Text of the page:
Jennifer Vey (Fellow, Metropolitan Policy Program, The Brookings Institution), opened the panel by defining an innovation district. These districts are geographic areas where leading-edge anchor institutions (research universities, research-oriented medical hospitals) and companies cluster and connect with start-ups, business incubators, and accelerators. They are also physically compact, transit-accessible, and technically wired and offer mixed-use housing, office, and retail. She showed a fantastic short video [insert video link] focusing on the new geography where innovation takes place—where people and ideas come together not in isolated spaces, but in highly connected places.
Jennifer was joined on the panel by Sakina Khan (Senior Economic Planner, DC Office of Planning) to discuss how important the innovation economy is to the District’s overall economic development. In particular, she was asked what role St. Elizabeth’s and other emerging innovation districts are expected to have in the overall growth of the technology sector of the economy. Sakina reported that the innovation economy is very important to the District, in particular as a means to diversify the economy and create jobs. They have been focusing on St. Elizabeth’s as an innovation hub that will feature an academic anchor and be connected to the surrounding community, with the goal of creating a place that will in turn attract the innovation.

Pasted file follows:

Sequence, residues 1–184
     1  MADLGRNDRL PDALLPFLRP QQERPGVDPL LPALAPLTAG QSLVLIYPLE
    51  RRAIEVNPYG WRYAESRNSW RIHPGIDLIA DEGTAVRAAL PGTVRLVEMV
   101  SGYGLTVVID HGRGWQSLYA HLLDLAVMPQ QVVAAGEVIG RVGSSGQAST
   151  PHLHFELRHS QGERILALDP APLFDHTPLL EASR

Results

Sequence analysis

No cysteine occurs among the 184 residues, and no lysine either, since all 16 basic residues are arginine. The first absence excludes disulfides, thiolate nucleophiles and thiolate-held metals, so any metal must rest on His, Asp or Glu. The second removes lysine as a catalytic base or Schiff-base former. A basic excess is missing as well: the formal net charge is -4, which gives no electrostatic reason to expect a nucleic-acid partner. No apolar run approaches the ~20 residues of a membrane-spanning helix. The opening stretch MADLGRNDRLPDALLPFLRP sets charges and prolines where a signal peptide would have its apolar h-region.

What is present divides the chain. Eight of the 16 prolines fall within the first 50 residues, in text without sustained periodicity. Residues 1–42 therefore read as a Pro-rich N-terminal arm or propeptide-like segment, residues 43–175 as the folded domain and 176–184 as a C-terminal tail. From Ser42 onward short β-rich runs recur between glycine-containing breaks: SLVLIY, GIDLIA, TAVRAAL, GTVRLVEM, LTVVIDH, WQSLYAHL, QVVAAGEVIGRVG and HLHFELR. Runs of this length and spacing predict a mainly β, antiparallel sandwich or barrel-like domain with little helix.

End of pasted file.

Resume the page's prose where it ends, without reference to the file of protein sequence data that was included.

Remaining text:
Gayle Farris (Founding Principal, GB Farris Strategies, Inc.) worked with MIT developing University Park beginning in the mid-eighties. She then worked with Johns Hopkins on the Science and Technology Park beginning in the early 2000s and has been working with Harvard on Allston since 2014. She has witnessed how the concept of technology parks and innovation districts has changed over time. When MIT started their innovation district, their objective was to commercialize the research and improve the area around the campus (act as a buffer between the neighborhood and the university). Johns Hopkins began to think about creating a good place for innovation. They focused on the community first and then on the innovation. Harvard is now focusing on how the tenants have changed and their changing needs and desires. This includes creating a great, collaborative space.